Italy wants to sell national gold reserves to avoid next year’s tax hike

The Italian government is considering selling the country’s gold holdings in an attempt to avoid an increase in value-added tax (VAT) next year, one of Italy’s oldest newspapers La Stampa reported.

The news comes amid a law proposal drafted by Italy’s ruling League party. The new amendment is set to allow the sale of the reserves if it were “authorized through a constitutional law,” according to Reuters.

The gold ownership bill, proposed by League’s Claudio Borghi, sparked harsh criticism from opposition leaders with local media warning that the governing party is planning to seize the nation’s gold reserves to fulfill their spending promises.

Italy’s Deputy Prime Minister Matteo Salvini appeared to give a positive assessment of the plan.

“It’s not an issue that I am following, but it could be an interesting idea,” Salvini, who heads the League party, told journalists.

Earlier, Salvini and his coalition partner, Luigi Di Maio, called for replacing the current administration of the Bank of Italy, which controls Italy’s gold and foreign currency reserves. The government accused the regulator’s current management of failing to maintain proper supervision of the country’s banking system.

The Bank of Italy enjoys a broad autonomy with its decision-making process absolutely independent from the Italian government. According to some government officials, the insufficient control has led to a collapse of a wide range of big financial institutions with thousands of ordinary depositors suffering from the impact.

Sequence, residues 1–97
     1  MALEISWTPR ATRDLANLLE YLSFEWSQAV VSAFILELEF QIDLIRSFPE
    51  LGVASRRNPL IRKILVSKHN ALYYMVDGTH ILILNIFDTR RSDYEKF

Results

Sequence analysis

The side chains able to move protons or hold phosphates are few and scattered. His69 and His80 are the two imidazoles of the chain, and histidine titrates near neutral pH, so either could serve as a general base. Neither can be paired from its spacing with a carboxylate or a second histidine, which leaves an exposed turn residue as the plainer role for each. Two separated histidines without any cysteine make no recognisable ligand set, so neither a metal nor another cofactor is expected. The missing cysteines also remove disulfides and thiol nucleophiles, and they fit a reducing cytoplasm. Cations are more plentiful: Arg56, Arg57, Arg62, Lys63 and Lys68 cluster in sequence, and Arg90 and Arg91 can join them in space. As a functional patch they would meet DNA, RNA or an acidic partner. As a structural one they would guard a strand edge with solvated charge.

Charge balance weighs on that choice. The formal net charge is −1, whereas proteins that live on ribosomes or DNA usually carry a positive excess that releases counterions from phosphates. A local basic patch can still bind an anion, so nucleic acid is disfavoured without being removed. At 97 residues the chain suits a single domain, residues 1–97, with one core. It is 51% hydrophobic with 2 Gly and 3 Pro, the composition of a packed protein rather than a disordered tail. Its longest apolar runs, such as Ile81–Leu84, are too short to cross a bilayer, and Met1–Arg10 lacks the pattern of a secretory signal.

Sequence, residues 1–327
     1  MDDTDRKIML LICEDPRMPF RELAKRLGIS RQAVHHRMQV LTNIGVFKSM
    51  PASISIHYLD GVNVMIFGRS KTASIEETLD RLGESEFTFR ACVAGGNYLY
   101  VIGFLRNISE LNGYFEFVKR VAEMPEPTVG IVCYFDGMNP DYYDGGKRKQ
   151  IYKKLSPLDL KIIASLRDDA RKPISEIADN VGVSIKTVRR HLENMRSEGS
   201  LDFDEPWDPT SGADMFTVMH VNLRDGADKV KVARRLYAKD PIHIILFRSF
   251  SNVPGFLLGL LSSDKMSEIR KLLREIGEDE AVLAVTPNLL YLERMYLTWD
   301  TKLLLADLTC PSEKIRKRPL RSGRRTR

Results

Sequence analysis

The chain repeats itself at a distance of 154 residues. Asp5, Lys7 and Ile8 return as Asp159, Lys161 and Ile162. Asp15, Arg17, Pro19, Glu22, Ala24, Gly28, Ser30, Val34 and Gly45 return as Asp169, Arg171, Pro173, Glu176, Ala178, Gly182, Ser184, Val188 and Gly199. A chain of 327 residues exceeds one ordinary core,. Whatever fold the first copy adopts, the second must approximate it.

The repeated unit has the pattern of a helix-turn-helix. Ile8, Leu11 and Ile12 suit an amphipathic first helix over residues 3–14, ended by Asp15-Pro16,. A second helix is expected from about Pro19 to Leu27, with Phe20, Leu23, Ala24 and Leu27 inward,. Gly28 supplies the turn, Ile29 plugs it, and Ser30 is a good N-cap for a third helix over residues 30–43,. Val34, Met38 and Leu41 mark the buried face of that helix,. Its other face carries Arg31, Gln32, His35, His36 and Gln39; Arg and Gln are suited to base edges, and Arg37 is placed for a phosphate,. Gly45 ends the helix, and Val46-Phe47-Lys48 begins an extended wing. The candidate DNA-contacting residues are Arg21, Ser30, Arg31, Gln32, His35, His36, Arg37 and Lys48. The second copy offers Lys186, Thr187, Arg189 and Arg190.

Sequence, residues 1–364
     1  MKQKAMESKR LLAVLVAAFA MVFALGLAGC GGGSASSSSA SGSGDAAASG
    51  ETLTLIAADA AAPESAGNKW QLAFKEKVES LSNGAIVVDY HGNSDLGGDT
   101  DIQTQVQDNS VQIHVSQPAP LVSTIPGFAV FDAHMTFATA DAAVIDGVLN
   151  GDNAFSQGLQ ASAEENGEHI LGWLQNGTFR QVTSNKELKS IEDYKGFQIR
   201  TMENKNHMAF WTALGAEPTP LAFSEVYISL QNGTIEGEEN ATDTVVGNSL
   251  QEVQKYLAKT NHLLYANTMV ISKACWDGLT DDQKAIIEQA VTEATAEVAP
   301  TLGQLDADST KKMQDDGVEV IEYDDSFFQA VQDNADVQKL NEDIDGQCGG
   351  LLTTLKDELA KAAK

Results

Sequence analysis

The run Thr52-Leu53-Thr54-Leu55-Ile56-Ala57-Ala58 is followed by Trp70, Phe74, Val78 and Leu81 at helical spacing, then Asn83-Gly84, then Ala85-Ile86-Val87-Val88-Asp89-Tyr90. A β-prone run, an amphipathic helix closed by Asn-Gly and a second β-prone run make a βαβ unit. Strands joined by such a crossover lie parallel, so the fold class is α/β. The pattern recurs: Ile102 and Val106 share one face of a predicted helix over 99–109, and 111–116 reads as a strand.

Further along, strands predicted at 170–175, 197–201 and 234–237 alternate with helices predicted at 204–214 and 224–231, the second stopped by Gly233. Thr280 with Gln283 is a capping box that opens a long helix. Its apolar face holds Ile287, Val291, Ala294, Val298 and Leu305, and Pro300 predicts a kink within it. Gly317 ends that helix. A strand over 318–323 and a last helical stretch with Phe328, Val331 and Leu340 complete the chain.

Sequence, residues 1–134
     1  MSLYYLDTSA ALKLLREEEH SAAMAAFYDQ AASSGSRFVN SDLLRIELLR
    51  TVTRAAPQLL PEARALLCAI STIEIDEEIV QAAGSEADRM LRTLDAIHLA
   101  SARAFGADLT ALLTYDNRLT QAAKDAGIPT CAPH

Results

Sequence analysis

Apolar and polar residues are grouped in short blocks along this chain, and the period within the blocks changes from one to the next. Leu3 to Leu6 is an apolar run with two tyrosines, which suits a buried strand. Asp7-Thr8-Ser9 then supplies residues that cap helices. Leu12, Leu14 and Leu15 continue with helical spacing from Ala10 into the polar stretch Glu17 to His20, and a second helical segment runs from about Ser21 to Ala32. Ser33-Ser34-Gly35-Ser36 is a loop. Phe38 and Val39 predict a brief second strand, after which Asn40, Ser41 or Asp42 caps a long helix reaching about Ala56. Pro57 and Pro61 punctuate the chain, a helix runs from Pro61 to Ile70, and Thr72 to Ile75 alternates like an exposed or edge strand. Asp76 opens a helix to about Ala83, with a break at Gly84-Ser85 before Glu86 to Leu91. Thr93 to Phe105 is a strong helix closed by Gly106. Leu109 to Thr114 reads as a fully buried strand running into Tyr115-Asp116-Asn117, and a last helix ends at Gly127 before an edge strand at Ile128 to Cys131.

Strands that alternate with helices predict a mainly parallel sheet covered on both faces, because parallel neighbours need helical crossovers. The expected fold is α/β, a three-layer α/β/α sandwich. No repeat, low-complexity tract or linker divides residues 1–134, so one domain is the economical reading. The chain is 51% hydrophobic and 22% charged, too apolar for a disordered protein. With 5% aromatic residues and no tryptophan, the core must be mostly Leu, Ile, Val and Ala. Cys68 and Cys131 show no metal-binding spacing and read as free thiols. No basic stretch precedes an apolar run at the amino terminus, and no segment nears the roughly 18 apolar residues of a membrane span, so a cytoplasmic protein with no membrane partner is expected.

Past efforts by Italian authorities to gain control over the country’s gold reserves were halted by Brussels as disruptive for Bank of Italy’s independence and public financing rules.

In December, the Italian government approved a controversial state budget plan for 2019, ditching plans to increase VAT. The parliament introduced unconditional basic income and added a new provision to amend the current legislation to ensure earlier retirement.

The move evoked a conflict between Italy and European authorities pushing Brussels to consider the potential launch of a debt-based excessive deficit procedure (EDP) against the country.

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